How to set up two-factor authentication on your Google account


Updated 06/21/16: Includes more recent and accurate images, as well as information about Google's new on-phone prompt. You don't have to possess a stash of nude selfies in your Google account to know that it's time to take better precautions against getting hacked. Two-factor authentication (also called two-step verification) is one of the best weapons you can use against digital thieves. Fortunately, it is rather easy to set up for your Google account, providing an extra layer of security to guard against unwanted access to your stuff. Every time you sign in to your Google account it will require not only your password (you are using a password manager, right?) but a six-digit code generated through a text message, the Google Authenticator app, or an approval from the Google prompt.

Google's two-factor authentication is now a breeze to use


Two-factor authentication, while basically essential for protecting important aspects of your online life nowadays, can also be annoying, especially if you juggle a lot of accounts. Usually, the two-factor authentication (or 2-step verification, as Google calls it), works as follows: When you log into your Google account from a new computer, you need to enter an additional 6-character code that's sent to your previously approved phone. Now, Google just added an option to its 2-step verification feature that makes this much easier: Instead of typing a code, you'll just have to unlock your phone and confirm your identity with a single tap. SEE ALSO: Don't be like Mark: How to protect your social accounts from being hacked To enable this option, go to My Account, section "Sign-in & Security" and choose "Signing in to Google" followed by "2-Step Verification." There, choose "Google Prompt" as the default option, and activate a device you will use for this purpose.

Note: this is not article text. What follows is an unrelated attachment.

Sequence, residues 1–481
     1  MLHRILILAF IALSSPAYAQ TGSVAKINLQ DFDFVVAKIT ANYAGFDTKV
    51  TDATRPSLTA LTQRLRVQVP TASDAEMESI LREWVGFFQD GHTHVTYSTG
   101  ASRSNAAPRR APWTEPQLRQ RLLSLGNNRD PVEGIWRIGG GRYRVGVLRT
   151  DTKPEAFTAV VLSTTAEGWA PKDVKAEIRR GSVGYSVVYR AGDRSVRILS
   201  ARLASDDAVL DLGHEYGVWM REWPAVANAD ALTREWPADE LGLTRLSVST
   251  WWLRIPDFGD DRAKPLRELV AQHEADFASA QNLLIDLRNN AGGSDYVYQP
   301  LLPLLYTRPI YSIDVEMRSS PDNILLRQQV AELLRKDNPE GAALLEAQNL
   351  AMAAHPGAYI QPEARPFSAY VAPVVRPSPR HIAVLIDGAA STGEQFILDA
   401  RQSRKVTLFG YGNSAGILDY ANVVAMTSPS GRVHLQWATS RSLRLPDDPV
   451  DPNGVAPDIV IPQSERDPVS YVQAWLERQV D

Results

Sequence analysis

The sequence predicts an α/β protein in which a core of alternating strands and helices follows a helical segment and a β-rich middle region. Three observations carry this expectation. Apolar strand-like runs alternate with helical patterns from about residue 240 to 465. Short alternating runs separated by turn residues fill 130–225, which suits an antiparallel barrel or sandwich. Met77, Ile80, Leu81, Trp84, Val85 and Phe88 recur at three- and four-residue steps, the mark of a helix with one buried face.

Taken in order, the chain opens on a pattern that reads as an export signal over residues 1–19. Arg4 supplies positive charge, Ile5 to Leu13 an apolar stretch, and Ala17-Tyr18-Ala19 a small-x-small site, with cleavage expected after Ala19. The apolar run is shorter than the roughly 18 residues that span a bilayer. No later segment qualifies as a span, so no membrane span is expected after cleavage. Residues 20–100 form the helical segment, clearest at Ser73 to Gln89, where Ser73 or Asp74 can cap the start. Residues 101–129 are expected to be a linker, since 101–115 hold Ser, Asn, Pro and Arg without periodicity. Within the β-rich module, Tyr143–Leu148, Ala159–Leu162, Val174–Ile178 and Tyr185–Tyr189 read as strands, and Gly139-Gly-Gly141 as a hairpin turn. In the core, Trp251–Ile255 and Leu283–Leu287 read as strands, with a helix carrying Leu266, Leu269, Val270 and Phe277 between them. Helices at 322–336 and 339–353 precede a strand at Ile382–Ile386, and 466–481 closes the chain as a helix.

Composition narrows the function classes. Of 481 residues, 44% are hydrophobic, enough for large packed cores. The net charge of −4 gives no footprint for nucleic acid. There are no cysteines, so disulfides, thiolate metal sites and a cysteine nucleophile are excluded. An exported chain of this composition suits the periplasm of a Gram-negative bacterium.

Pinterest enables two-factor authentication for all users


It seems as though online security is at the top of everyone's priority list these days, and now Pinterest is stepping up to the plate. The social network is introducing a slate of new features aimed at protecting users' accounts. The most important of these is the rollout of two-factor authentication to all users. You can receive codes via text message or through an authentication app such as Google Authenticator. You can enable 2FA through the Security page on Account Settings after it's available to you.

Instagram introduces two-factor authentication

The Guardian

Instagram has become the latest social network to enable two-factor authentication, a valuable security feature that protects accounts from being compromised due to password reuse or phishing. Users can, and should, opt in by clicking on the settings icon in the top right of their profile, hitting two-factor authentication in the following menu, and enabling the setting to "require security code". Once enabled, the app will text a six-digit code to users' phones every time they want to log in to the service. A simple security measure, it nonetheless provides an added layer of protection against accounts being hacked by attackers who have managed to steal credentials. Instagram joins Facebook, Twitter, Google and many others in offering some form of two-factor verification.

Instagram's app-based two-factor authentication is available now


Now might be a good time to add an extra layer of security to your Instagram account. As previewed in August, Instagram has switched on two-factor authentication using apps like Google Authenticator and Duo Mobile, promising a more secure sign-in process than receiving a text message (an option since 2016). You can enable it by visiting the Privacy and Security section of the mobile app's settings, choosing Two-Factor Authentication, and then toggling the Authentication App option. Instagram can scan for compatible authenticators on your phone or invite you to download one. The app-based approach offers one key advantage: it prevents the use of SIM hijacking campaigns to steer authentication text messages to another phone.